The event aims to explore the promotion, branding and marketing of so-called ‘authentic’ Shetland knitwear, and how a strong basis in heritage affects designers and industry alike. Speakers include Professor Lynn Abrams, Roslyn Chapman, Dr Carol Christiansen, Frances Lennard, Rhoda Hughson, Kathy Coull and Helen Robertson. For more details and a programme, visit http://www.shetlandmuseumandarchives.org.uk/events/study-day-authenticity-in-culturally-based-knitting.

Booking is essential. Tickets are still available via https://thelittleboxoffice.com/smaa/event/view/39600 or by phoning Shetland Museum and Archives on 01595 741562.

Info - Shetland Museum Study Day : Authenticity in Culturally-Based Knitting
Info – Shetland Museum Study Day : Authenticity in Culturally-Based Knitting

If you are unable to attend, you can watch a live broadcast which can be viewed online for free. Check http://www.shetlandmuseumandarchives.org.uk/collections/museum/textiles – a link to the live feed will be added there when available. You can also participate by joining the Q&A session by tweeting questions directly to the Museum, prefixed by @ShetlandM&A.

A Short History of Machine Knitting

Mary Hawkins, a long-standing member of Knitting History Forum, has spoken more than once at KHF conferences and meetings on framework and machine knitting, still a mainstay of the modern garment industry. She also volunteers at the Framework Knitters Museum in Ruddington. Mary has kindly offered us a very brief tour through the history of machine knitting, from William Lee’s invention of the knitting frame in 1589, to the technological advances of the post-war period. A Short History of Machine Knitting is available to read in the Resources section.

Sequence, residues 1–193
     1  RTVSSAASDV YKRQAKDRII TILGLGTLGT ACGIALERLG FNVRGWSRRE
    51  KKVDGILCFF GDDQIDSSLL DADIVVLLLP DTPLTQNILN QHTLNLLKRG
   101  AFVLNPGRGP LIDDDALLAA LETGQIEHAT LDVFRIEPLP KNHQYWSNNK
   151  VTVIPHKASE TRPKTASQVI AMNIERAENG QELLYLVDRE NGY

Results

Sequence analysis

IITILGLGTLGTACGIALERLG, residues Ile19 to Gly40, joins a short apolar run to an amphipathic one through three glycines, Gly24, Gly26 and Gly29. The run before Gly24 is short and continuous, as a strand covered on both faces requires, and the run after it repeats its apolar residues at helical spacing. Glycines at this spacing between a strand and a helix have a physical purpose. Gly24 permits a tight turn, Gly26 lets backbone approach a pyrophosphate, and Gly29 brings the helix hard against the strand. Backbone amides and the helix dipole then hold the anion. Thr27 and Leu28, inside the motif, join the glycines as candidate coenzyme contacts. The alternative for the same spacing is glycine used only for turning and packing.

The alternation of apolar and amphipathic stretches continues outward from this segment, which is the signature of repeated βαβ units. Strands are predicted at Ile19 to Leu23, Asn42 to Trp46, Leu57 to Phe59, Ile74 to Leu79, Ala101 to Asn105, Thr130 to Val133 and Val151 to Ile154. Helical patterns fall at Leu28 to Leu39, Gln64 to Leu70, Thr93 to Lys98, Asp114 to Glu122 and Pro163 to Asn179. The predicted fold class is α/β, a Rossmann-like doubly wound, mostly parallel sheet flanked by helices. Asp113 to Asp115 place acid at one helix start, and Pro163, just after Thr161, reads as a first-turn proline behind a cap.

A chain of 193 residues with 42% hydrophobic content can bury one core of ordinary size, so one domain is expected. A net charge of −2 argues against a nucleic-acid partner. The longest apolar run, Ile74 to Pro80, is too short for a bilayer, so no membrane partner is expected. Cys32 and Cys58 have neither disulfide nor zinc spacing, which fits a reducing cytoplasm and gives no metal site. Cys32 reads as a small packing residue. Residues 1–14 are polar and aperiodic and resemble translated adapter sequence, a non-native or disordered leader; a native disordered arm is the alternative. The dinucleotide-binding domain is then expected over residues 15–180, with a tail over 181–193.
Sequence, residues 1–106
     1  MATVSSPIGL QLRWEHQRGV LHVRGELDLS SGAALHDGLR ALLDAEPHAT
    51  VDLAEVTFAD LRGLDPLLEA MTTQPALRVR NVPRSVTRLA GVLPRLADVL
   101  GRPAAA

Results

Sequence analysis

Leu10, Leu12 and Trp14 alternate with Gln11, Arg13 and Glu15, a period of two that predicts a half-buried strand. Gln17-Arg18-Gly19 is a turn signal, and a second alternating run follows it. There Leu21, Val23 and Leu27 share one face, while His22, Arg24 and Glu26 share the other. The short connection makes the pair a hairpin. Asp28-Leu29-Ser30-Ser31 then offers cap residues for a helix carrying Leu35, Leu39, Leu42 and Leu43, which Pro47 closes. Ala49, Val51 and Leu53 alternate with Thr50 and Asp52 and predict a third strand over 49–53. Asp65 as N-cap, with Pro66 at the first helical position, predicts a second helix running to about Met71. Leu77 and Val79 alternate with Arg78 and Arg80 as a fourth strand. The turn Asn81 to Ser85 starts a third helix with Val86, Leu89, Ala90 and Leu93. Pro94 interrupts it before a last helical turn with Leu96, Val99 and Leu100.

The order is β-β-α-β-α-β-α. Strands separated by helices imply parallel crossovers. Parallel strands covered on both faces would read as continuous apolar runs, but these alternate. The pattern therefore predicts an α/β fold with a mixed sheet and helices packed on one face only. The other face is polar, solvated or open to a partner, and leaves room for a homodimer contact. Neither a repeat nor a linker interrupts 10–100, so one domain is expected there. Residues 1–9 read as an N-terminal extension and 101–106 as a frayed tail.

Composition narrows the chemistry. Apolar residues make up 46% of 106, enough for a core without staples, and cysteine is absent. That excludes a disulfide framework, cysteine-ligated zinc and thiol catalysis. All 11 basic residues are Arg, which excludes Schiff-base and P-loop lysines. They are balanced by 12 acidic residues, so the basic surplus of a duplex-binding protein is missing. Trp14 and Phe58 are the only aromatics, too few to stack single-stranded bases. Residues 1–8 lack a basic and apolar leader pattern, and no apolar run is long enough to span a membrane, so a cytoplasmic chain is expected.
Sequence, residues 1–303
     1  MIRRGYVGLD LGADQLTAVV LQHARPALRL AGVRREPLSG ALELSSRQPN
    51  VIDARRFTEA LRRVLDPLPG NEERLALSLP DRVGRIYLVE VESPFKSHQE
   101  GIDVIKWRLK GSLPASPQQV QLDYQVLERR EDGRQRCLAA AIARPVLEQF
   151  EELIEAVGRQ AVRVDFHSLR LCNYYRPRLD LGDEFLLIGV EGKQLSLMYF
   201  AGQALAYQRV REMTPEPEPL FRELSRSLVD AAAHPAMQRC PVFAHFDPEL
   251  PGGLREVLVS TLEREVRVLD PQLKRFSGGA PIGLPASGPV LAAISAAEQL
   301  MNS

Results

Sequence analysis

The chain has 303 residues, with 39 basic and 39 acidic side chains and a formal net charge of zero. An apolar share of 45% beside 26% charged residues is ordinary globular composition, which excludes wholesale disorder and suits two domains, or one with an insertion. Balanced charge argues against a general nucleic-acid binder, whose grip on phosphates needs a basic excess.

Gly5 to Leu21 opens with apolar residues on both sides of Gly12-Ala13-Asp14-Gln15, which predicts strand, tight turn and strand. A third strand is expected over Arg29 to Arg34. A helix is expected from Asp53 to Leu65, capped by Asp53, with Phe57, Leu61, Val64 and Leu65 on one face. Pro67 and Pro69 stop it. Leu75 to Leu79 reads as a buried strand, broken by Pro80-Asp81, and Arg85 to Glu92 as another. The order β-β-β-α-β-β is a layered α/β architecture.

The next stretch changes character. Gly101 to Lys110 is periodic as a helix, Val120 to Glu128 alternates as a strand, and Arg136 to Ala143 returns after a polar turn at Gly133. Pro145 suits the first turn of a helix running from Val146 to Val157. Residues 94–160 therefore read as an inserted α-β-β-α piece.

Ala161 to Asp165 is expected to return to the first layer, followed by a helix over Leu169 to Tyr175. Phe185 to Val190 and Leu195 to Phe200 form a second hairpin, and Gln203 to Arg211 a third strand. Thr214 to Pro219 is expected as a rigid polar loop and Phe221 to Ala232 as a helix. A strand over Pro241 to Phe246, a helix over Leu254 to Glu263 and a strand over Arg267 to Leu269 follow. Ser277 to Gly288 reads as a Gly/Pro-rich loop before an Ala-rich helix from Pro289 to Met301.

KEME: Knitting in the Early Modern Era

A new interdisciplinary research project will be taking a closer look at early knitted caps. The Centre for Textile Research or CTR in Copenhagen and Dr Jane Malcolm-Davies of The Tudor Tailor have been awarded a prestigious Marie Skłodowska-Curie Fellowship for “Knitting in the Early Modern Era: materials, manufacture and meaning“, or KEME. Based at the University of Copenhagen, the KEME team will be investigating in detail more than one hundred extant knitted caps from the Early Modern period, submitting them for technical examination and analysis, compiling an economic map of early knitting and clarifying terminology as a basis for future research to build upon. A database will be developed to make the information gathered in the project available online.

Jane will be speaking on “A knitting revolution? A scientific survey of sixteenth century knitted caps” at the Knitting History Forum Conference 2015 in London, Saturday 14th November. Her paper will introduce KEME and she will be appealing for knitters, volunteers and collaborators to participate in the project. A blog, Facebook page and Ravelry group called Strickersvej (Knitters Way) are to launch in November.

Read more at the Tudor Tailor website. And don’t forget to book your place at the Knitting History Forum Conference, to hear Jane speak on the KEME project, its aims, methods and how YOU can help.